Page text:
INDIANAPOLIS – It was just two years ago that Indiana Gov. Mike Pence entered the Trumpian twilight zone. Those close to him saw it as a deal with the devil. Others believed it would be his clearest path to the presidency that he had coveted since his childhood. What commenced in Indianapolis, Westfield, New York and then Cleveland in July 2016 has been Vice President Pence’s odyssey, with the final chapters of how this ends unwritten, unknowable, and perhaps, unfathomable.
 
In the Pence worldview of ambition, he was climbing into the shoes of Harry Truman, Richard Nixon, Lyndon Johnson and George H.W. Bush, turning the “heartbeat away” office as entry into the pantheon of 45. Or, he could be consigned to Vice President John Nance Garner’s “warm bucket” of “spit” occupied by Hubert H. Humphrey, Walter Mondale and Al Gore who aspired and fell short.
 
On July 24, 2016, in Cleveland, we heard Pence cut through the myriad of controversies surrounding the GOP nominee. “Donald Trump gets it,” Pence said in his half-hour speech in primetime. “He’s a doer in a game usually reserved for talkers. He doesn’t tiptoe around a thousand new rules of political correctness. He’s his own man, distinctly American, and where else would he find a following in the land of the free and home of the brave?”

Ten days prior, Gov. Pence was a precarious incumbent, facing a tough reelection rematch against Democrat John Gregg. He had been bruised by the religious freedom controversies, a mediocre executive who had inherited Republican legislative super-majorities he used to fashion a presidential aspirant resume. In April 2015, he seemed to be a political dead man walking. 

He was rescued by Trump campaign manager Paul Manafort (facing a tax evasion trial as we speak) and the Trump children. Pence auditioned at Westfield, dined with Trump and after a “flat tire” on his jet, had breakfast with the nominee at the Governor’s Residence. Trump picked Pence after wavering for a couple days. It would be the political odd couple of our age: The sunny, middle class, devout but calculatingly ambitious governor with the profane, adulterous, Manhattan billionaire. And they pulled off the upset of the ages.
 
It probably wouldn’t have happened without Mike Pence. It was a tormented campaign with Trump insulting everyone from Gold Star mothers to Sen. John McCain. There was the “October surprise,” or so we thought, when the Access Hollywood audio of Trump surfaced. Here was the 60-year-old Trump, who had been a lifelong Democrat, bragging about extra-marital conquests and “grabbing” female genitalia with this stunning line: “When you’re a star they let you do it. You can do anything.”
 
Of course, the real “October surprise” was FBI Director James Comey’s bombshell that Anthony Weiner’s laptop had recommenced the federal probe of Hillary Clinton. The reality was that the FBI was investigating the Trump’s campaign ties with Russia, not Clinton. America was oblivious.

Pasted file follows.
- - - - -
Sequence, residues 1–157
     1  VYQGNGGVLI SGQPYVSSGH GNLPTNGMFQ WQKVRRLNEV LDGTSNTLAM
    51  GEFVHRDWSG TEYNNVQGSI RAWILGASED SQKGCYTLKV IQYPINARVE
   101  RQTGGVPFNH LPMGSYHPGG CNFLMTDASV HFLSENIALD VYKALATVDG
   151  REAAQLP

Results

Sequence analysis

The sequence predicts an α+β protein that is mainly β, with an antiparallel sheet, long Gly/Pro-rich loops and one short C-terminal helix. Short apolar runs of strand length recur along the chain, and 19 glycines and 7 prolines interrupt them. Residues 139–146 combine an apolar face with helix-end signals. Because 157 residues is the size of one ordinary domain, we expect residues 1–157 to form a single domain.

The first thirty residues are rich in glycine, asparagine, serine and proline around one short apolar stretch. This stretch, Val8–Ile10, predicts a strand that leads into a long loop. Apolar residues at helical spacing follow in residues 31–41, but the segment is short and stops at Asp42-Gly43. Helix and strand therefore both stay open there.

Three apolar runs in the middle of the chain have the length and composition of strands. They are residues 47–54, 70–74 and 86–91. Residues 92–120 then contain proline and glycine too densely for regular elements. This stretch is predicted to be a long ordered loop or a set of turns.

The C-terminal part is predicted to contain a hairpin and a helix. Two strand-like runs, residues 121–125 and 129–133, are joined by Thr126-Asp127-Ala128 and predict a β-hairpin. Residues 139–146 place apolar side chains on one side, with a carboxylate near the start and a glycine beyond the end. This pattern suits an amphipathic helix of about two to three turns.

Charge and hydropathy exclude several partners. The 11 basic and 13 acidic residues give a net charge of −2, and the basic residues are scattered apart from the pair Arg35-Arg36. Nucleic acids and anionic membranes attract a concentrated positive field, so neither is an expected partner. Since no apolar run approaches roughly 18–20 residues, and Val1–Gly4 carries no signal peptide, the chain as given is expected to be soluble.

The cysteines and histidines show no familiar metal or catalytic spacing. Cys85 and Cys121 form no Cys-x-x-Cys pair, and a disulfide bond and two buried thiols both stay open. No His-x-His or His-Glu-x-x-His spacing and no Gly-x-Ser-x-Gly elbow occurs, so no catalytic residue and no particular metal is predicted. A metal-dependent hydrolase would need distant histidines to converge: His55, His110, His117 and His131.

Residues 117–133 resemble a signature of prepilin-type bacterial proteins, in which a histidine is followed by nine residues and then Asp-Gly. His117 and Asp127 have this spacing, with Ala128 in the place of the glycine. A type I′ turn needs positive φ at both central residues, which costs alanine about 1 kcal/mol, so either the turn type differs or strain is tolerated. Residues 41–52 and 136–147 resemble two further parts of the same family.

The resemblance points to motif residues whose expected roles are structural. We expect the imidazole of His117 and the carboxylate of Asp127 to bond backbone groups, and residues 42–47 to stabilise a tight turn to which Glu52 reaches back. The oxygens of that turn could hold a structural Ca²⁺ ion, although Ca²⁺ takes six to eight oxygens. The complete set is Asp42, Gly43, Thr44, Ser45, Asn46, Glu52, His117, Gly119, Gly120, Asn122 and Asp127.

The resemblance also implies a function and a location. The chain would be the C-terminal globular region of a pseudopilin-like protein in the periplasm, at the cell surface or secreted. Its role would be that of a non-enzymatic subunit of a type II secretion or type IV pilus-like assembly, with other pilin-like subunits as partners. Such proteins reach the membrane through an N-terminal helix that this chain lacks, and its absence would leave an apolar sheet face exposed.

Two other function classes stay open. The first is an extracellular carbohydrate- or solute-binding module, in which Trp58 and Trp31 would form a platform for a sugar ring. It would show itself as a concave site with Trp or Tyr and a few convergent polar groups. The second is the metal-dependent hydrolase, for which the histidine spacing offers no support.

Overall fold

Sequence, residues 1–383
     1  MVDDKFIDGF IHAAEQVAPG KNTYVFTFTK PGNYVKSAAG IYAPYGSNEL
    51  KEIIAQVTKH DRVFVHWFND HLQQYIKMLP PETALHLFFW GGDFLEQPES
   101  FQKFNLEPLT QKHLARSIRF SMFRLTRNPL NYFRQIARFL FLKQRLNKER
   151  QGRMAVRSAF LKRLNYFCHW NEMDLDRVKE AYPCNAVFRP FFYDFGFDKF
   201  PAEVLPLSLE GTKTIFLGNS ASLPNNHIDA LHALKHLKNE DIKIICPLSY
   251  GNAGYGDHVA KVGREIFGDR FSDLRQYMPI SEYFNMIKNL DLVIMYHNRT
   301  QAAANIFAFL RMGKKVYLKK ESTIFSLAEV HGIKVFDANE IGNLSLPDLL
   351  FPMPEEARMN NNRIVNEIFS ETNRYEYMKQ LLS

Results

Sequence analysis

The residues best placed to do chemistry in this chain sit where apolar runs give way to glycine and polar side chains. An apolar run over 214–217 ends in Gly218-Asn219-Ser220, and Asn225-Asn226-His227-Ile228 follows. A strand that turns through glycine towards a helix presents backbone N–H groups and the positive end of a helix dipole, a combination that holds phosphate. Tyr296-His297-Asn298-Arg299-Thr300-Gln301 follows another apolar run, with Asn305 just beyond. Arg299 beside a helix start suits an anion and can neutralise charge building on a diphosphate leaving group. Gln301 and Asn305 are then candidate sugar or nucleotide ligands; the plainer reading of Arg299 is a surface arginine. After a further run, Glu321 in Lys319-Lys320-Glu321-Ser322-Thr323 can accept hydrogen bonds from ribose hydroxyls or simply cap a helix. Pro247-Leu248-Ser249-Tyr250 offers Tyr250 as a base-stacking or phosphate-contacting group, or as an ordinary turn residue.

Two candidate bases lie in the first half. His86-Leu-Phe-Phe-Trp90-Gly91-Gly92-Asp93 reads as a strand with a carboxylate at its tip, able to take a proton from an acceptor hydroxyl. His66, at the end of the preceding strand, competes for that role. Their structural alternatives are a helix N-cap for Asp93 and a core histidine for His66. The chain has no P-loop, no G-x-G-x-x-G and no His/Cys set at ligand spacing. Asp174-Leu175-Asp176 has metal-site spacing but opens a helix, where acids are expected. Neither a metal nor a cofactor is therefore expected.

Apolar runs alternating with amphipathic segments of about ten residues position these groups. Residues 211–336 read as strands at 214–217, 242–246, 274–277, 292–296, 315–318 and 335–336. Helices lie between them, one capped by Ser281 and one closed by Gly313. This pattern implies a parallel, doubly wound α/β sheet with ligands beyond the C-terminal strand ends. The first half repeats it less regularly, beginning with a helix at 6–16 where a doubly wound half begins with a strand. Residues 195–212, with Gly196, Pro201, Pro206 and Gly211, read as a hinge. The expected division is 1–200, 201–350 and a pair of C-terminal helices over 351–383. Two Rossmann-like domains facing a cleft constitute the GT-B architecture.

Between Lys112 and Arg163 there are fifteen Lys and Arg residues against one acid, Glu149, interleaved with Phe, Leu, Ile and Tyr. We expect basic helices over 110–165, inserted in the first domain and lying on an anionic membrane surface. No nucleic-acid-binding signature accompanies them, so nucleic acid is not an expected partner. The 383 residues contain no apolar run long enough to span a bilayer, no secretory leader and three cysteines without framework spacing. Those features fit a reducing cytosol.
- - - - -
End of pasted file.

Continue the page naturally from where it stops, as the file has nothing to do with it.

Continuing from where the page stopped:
It was Pence who cut through all the moral dust storms. He spent the last weeks of the campaign beseeching Republicans to “come home.” In Iowa, a woman named Rhonda talked of taking to the streets to combat President Hillary. “Don’t say that,” Pence responded. “There’s a revolution coming on November the 8th. I promise you.”
 
Promises made, promises kept.

Today, Vice President Pence is an avowed defender of Trump, who is facing an uncertain future with the Russian collusion probe. Pence’s transformation has been breathtaking. He was once a free-trader, telling the Detroit Economic Club in 2010, “The free market is what made America’s economy the greatest in the world, and we cannot falter in our willingness to defend it.” Today he defends Trump’s tariffs. He has positioned Trump to name two pro-life U.S. Supreme Court justices with Pence’s goal of consigning Roe v. Wade to the “ash heap of history.”

Conservative pundits are critical, with the Washington Post’s George Will writing, ““Donald Trump, with his feral cunning, knew. The oleaginous Mike Pence, with his talent for toadyism and appetite for obsequiousness, could, Trump knew, become America’s most repulsive public figure.”  Erick Erickson blasts Pence for abetting a “shallow demagogue.”

In the next several months, several books will flesh out Pence. Former Associated Press reporter Tom LoBianco will portray Pence as the “gatekeeper” to the White House political operations and donors. “When you have the vice president running all the donor maintenance, the political operation, the mid-terms, going out there campaigning heavily, he does have a natural role and it is extremely political in this White House,” LoBianco explained.

One of President Trump’s five biographers, Michael D’Antonio, along with Peter Eisner, will publish “The Shadow President: The Truth About Mike Pence.”  It will be a sharply critical account, with D’Antonio telling New York Times columnist Frank Bruni, “People don’t understand what Pence is.” Which is? “A religious zealot. He is absolutely certain that his moral view should govern public policy.”

One thing is for sure: Pence is a heartbeat away from the oldest elected president, and one facing daunting ethical and legal challenges. Pence’s gambit is the classic straight razor. Trump’s demise could make him the 46th president. A tangled ankle in this web could bring Pence historic ignominy.

The columnist is publisher of Howey Politics Indiana at www.howeypolitics.com. Find him on Facebook and Twitter @hwypol.